AMD Radeon VII Review

AMD Radeon VII Preview


Regular readers will know that we’re big fans of AMD here at OC3D, having cut our overclocking teeth on many of their Thunderbird and Barton cored processors back when many of you were babes in swaddling. To say the intervening years were a bit of a rollercoaster is putting things mildly, and the problems with the Phenom cores took a long time to be shaken out of the AMD DNA. Thankfully – as is well documented – the release of the Zen architecture and Ryzen processors put AMD back on the map in a big way. They deliver great performance at affordable pricing with plenty to tinker with for the enthusiast. What’s that to do with the Radeon VII you ask? Well, the story of their GPU arm is much the same. Early Radeon cards were good to great, probably reaching their zenith with the blisteringly fast 4870X2, a card which dominated the landscape for a long time.

Although the following cards weren’t ‘wilderness years’ for AMD, they contained an awful lot of false dawns and for a while it looked like AMD had given up chasing Nvidia at the top of the performance market and instead contented themselves with the mainstream market, those who wanted good enough performance that didn’t require the sale of a child to acquire. Even the most dyed-in-the-wool AMD fan will admit that their cards were fairly middling until the launch of the Vega, and particularly the Vega64. Even these though were quickly out-paced by their Santa Clara competitors, and so AMD have returned to the fray with the Radeon VII, so named because it is the first card built on a 7nm process, something which has allowed AMD to ramp up the amount of High Bandwidth Memory on the card to whopping levels.

Has it been a success?

Yep. Okay see you next week. What? You want more? In the blurb AMD show performance that should match up to the RTX 2080. Normally manufacturer claims are about as accurate as a Daily Express article, but in this case AMD have hit the nail on the head. Throughout our testing the Radeon VII slotted in around the RTX 2080 in every benchmark. Sometimes ahead. Sometimes just behind. But always right next to it. Given that the amount of Compute Units – and thus Stream Processors – is actually below the Vega 64 it shows how incredible the updated architecture is. At 1080P the two cards aren’t too far apart, but as you click through the resolutions the extra memory on the Radeon VII really comes to the fore until you reach 4K when the Vega is a dot in the rear view mirror.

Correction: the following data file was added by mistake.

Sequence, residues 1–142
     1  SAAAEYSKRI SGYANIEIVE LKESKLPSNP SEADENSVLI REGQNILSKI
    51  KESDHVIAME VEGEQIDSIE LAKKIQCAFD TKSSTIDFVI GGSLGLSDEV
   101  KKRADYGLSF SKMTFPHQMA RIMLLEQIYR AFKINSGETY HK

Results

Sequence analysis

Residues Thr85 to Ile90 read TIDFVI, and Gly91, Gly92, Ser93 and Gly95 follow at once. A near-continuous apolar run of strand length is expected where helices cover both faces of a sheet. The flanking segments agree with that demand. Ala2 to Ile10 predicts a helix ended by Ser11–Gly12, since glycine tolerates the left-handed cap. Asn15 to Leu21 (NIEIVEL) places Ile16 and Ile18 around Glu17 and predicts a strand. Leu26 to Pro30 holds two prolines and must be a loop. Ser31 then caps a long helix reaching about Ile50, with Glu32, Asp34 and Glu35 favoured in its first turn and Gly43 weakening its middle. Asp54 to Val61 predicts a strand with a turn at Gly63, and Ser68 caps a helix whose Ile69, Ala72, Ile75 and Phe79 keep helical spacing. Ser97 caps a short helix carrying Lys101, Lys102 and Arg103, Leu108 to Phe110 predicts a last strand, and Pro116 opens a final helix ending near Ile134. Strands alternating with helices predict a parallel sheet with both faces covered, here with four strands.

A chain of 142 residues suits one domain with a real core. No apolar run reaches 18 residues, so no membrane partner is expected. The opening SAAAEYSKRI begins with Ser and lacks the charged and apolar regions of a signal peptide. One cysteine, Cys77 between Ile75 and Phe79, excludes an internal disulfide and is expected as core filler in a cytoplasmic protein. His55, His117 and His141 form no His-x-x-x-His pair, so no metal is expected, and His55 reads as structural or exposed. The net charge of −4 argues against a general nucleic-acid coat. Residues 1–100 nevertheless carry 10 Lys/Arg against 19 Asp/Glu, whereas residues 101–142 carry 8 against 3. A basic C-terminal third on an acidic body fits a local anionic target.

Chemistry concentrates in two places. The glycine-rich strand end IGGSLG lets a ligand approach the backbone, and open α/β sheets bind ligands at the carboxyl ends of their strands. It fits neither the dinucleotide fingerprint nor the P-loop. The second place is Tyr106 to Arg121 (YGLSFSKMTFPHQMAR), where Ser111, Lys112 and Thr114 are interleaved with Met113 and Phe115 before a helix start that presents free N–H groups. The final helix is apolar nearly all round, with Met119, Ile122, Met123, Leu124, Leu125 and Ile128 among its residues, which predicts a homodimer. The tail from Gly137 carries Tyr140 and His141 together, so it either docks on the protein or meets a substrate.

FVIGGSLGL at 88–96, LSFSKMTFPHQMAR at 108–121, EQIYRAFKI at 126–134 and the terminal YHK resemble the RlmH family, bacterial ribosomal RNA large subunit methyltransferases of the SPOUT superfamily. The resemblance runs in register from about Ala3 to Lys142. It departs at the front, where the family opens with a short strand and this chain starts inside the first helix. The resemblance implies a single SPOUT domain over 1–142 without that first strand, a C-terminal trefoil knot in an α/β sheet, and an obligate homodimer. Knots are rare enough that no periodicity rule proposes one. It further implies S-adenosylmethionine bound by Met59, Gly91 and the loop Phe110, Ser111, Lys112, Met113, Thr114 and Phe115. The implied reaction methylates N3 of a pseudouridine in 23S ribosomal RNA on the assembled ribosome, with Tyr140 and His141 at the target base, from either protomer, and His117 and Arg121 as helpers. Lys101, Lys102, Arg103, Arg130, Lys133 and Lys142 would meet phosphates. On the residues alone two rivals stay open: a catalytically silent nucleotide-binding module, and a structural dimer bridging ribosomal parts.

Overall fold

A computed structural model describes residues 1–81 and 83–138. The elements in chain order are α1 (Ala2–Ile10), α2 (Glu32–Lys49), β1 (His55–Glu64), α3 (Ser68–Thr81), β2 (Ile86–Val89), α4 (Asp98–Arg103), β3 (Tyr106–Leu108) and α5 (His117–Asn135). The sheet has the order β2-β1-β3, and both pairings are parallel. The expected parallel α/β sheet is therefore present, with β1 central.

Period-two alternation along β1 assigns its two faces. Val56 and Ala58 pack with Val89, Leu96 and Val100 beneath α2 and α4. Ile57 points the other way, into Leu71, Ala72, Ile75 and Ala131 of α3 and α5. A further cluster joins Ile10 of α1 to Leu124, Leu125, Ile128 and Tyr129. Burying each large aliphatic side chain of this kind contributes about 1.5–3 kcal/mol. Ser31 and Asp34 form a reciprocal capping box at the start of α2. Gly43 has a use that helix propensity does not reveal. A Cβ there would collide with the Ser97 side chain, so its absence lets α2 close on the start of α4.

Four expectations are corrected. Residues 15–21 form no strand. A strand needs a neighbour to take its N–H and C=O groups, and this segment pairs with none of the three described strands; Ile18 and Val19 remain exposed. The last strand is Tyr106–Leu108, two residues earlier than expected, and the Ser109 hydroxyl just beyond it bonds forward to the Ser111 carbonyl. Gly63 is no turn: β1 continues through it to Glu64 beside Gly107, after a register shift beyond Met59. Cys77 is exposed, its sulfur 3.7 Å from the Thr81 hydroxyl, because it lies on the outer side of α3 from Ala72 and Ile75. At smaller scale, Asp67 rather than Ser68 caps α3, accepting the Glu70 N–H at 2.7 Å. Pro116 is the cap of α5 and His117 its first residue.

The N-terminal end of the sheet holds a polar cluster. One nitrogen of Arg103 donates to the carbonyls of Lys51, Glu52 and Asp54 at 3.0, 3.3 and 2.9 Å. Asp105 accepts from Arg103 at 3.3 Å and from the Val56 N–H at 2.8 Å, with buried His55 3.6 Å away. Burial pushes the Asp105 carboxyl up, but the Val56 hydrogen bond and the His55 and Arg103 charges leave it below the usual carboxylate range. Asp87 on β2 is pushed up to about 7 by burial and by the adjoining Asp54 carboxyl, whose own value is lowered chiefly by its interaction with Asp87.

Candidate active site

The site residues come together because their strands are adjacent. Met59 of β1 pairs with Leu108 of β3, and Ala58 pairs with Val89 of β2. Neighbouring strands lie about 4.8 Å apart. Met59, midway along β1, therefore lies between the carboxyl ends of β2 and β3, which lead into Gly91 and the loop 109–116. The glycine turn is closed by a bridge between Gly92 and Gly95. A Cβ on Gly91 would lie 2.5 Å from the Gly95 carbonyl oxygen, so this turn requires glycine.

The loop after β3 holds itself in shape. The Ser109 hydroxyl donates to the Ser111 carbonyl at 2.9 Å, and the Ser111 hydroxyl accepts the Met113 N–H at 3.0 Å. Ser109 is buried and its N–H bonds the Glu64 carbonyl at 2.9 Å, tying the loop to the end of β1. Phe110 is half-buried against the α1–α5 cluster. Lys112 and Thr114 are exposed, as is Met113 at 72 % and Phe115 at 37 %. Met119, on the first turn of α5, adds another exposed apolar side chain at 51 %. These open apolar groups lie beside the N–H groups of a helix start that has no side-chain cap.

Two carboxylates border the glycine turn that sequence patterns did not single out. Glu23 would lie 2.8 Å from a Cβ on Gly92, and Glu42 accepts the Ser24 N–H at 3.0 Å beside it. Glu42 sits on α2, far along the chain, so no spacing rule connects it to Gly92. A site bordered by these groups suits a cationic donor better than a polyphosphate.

It isn’t just the HBM2 that enables this beefy performance hike, as three other ingredients that go to make the high performance stew are perfectly catered for too. Firstly it’s a joy to see AMD finally dispense with the blower style of cooler and go with a proper three fan job. Our temperature test showed how successful this has been with the most we saw being 73°C, 10 degrees cooler than the Vega 64 that preceded it just remember it does spin the fans up to 3000rpm almost instantly as any real 3D game rendering starts so this is NOT a quiet card. There is more good news from the power draw. The old Vega 64 span your electric meter like top, but the Radeon VII sits in the power graph in the same spot it sat in all our performance tests, right between the RTX 2080 and the overclocked RTX 2080.

The AMD Radeon VII sits alongside the Ryzen CPUs as completing AMDs return to glory, rocking big frame rates in all the latest titles and thoroughly deserving of our OC3D Gamers Choice Award.

AMD Radeon VII Review  

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